By Russ Lindquist
GROSSMONT COLLEGE–Would it be clear that our culture values men far more than women, if, in the US, women accounted for 90 percent of workplace fatalities, yet still came cries for “men’s comfort and safety”? The gender-opposite is reality. In relationships, what if women learned early in life that a woman’s role is to work a job that she hates in order to provide for the comfort, safety and security of a man who, often times, has been socialized to be an ungrateful misogynist–someone who hates women. The gender-opposite is true–and women deserve better than to be ungrateful trophies.
October is Breast Cancer Awareness month. But breast cancer is quite comparable to prostate cancer, and yet the cancer that affects only men receives only one-fourth of the monetary attention of the other, reflecting a powerful bias of concern–bias against men’s health. Women deserve better than to be self-centered, woman-centric chauvinists.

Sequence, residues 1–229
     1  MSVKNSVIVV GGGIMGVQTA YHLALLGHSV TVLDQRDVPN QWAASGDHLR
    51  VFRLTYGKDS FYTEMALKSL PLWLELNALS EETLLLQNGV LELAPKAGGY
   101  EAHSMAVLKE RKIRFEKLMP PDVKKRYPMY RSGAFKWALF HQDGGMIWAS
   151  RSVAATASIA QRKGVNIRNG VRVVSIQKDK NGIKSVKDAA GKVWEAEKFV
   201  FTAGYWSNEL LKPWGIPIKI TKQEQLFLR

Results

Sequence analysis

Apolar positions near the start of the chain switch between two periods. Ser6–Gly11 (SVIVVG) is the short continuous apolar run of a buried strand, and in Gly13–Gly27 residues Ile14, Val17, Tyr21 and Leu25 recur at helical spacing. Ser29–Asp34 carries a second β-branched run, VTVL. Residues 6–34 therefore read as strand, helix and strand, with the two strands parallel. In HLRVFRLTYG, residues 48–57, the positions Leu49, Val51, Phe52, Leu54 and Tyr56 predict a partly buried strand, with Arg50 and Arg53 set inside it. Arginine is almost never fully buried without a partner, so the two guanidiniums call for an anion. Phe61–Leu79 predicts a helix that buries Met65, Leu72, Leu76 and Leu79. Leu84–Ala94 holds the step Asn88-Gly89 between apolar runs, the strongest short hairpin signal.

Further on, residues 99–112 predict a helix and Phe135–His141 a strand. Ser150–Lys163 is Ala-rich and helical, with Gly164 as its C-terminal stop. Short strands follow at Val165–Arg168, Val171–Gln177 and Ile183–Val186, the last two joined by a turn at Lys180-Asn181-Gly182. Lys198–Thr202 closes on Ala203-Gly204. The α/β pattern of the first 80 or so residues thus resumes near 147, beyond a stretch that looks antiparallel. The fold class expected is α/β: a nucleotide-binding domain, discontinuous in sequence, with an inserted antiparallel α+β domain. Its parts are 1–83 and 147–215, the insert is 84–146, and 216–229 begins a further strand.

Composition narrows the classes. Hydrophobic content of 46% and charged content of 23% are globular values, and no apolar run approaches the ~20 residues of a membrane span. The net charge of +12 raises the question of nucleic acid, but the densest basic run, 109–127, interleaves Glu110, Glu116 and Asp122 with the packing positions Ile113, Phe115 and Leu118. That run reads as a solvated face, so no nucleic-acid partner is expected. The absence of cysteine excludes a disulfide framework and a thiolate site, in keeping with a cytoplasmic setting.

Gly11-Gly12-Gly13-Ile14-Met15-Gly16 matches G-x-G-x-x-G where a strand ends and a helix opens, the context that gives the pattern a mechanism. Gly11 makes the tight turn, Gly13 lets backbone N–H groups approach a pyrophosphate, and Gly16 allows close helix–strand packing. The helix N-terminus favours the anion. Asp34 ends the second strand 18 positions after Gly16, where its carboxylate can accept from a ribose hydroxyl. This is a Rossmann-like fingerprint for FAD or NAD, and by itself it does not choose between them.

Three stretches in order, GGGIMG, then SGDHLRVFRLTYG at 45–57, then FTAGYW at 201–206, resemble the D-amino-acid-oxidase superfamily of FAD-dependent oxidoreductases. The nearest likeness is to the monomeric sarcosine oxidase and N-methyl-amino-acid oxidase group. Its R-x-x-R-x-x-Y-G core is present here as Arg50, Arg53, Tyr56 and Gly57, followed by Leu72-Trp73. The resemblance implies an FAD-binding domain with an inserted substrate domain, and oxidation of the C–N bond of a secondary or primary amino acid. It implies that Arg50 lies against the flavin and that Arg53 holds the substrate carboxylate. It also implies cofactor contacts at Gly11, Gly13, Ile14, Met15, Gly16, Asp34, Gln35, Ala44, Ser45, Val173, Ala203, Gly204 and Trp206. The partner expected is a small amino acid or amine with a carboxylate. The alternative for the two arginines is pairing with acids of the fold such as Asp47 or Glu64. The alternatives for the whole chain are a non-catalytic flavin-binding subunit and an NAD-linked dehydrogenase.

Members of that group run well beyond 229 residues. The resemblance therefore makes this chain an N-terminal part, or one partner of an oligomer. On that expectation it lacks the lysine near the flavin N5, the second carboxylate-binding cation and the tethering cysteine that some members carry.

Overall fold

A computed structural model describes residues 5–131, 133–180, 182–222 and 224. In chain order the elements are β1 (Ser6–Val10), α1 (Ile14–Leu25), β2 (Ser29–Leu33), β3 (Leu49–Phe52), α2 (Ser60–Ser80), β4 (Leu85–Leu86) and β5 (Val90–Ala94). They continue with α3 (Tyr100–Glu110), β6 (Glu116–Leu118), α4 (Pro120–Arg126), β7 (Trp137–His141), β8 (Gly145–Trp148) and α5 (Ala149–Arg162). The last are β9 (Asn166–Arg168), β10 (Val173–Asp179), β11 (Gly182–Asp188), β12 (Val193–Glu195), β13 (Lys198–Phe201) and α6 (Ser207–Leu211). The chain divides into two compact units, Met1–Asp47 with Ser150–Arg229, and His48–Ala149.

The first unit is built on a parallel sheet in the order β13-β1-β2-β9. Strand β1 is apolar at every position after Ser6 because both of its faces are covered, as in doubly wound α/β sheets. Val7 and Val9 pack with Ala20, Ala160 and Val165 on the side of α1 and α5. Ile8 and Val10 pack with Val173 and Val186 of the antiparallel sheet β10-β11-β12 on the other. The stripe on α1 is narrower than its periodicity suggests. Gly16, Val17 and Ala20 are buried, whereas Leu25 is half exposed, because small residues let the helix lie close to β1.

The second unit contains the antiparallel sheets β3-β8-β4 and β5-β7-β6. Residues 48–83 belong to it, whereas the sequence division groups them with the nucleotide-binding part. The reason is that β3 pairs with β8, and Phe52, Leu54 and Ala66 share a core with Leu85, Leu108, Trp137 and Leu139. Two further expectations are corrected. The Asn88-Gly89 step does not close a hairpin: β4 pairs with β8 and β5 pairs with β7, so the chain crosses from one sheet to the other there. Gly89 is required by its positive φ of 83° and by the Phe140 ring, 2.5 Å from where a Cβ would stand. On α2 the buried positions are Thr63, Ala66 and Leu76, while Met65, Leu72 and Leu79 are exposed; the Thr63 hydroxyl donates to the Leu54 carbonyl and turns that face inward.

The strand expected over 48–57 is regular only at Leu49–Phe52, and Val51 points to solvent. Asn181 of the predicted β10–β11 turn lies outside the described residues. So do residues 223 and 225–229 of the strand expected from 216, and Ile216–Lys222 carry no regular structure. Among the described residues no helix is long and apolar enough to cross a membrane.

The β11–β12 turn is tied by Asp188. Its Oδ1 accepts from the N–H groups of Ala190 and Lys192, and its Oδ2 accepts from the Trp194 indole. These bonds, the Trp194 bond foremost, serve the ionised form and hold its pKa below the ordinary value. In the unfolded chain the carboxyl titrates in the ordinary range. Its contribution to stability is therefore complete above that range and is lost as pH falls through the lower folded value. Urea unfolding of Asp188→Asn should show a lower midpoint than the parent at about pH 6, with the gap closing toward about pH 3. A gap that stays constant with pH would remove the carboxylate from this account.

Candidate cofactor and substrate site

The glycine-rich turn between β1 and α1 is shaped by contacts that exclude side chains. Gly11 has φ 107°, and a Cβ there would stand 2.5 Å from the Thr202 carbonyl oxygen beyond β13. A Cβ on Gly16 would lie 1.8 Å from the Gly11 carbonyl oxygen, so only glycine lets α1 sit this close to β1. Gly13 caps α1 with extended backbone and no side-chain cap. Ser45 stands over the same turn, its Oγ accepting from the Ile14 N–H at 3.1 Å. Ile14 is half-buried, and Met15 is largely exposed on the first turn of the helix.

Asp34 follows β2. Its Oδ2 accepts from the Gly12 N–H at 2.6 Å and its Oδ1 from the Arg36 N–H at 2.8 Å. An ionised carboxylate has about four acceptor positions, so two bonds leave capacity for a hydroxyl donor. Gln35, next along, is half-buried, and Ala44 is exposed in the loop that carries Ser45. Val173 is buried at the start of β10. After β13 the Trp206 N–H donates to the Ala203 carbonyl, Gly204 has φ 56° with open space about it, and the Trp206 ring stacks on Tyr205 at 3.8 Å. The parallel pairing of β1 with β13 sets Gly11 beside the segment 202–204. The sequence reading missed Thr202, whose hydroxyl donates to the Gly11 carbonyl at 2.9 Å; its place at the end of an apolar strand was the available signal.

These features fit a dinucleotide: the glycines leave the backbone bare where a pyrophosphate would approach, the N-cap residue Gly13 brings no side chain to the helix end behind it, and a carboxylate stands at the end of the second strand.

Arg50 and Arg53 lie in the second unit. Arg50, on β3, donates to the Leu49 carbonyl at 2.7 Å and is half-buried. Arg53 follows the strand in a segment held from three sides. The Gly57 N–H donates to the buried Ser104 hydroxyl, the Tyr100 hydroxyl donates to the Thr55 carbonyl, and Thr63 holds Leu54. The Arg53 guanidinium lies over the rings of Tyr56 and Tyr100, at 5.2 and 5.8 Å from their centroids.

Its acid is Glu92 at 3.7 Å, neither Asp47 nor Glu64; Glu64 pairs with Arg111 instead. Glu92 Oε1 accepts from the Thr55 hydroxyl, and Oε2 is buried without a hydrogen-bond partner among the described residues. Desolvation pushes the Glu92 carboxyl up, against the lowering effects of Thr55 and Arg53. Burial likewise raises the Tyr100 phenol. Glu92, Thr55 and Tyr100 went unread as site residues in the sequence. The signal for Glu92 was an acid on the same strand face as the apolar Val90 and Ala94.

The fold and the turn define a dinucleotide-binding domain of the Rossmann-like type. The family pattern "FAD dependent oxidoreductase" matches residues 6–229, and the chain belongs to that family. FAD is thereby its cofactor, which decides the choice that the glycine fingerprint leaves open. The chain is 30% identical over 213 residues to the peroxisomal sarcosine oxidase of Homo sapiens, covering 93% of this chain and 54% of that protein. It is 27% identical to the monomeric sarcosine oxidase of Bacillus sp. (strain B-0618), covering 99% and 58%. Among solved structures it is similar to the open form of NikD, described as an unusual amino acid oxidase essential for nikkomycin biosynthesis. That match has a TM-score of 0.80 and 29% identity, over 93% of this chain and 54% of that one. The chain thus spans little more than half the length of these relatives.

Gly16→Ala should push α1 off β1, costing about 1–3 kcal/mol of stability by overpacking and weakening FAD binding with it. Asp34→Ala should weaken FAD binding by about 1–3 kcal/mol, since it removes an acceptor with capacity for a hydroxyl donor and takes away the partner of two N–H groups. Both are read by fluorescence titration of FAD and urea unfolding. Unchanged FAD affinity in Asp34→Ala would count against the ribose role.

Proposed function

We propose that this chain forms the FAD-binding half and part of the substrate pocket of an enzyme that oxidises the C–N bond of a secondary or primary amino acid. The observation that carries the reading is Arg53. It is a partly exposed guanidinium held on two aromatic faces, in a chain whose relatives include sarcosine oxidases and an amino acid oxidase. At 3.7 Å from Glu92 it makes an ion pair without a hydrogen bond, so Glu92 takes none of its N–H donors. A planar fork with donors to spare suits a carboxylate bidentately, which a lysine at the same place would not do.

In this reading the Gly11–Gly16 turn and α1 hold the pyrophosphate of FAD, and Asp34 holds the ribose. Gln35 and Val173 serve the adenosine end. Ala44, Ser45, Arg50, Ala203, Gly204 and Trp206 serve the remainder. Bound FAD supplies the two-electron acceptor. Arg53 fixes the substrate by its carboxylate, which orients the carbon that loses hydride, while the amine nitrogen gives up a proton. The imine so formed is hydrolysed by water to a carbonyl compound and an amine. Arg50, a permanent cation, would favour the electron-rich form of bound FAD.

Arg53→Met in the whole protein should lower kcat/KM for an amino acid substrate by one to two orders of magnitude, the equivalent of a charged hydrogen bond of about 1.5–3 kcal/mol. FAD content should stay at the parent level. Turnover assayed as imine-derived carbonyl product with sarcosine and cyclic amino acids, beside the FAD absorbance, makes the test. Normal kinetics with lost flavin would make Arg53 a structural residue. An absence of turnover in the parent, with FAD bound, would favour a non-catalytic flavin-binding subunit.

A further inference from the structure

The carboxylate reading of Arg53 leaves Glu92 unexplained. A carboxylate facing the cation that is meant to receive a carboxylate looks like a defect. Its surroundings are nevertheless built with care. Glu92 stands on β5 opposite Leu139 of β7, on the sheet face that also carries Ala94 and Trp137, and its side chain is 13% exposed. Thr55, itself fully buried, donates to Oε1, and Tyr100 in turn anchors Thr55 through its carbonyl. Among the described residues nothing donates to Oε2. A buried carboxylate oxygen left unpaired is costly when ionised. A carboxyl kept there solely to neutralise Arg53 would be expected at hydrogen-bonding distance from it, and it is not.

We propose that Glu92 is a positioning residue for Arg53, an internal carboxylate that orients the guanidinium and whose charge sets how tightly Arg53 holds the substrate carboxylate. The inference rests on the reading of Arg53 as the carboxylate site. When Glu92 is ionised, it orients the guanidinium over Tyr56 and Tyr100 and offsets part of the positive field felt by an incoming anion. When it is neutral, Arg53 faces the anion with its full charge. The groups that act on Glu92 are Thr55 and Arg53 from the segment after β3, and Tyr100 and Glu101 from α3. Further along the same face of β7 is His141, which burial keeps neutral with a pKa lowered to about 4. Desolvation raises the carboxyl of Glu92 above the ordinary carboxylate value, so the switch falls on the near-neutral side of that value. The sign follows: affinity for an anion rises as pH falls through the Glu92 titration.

October is Domestic Violence (DV) Awareness month. Yet when I attended a viewing of Telling Amy’s Story, on campus, and took part in discussion thereafter, I recognized that the event was not aimed at discussing causes and complexities of DV but rather the aim was to indefensibly reiterate that DV is always one-sided, with women invariably as victims and men invariably as villains. Reality says otherwise, as do the most thorough academic-studies, and as would anyone being honest. Women are violent against men all the time–that won’t change by hiding behind female victims of violence nor by ignoring or mocking male victims or socializing people to believe that women’s violence against men is not a crime. Women deserve better than to be unaccountable abusers… you can read the rest of the article here: Women Deserve Better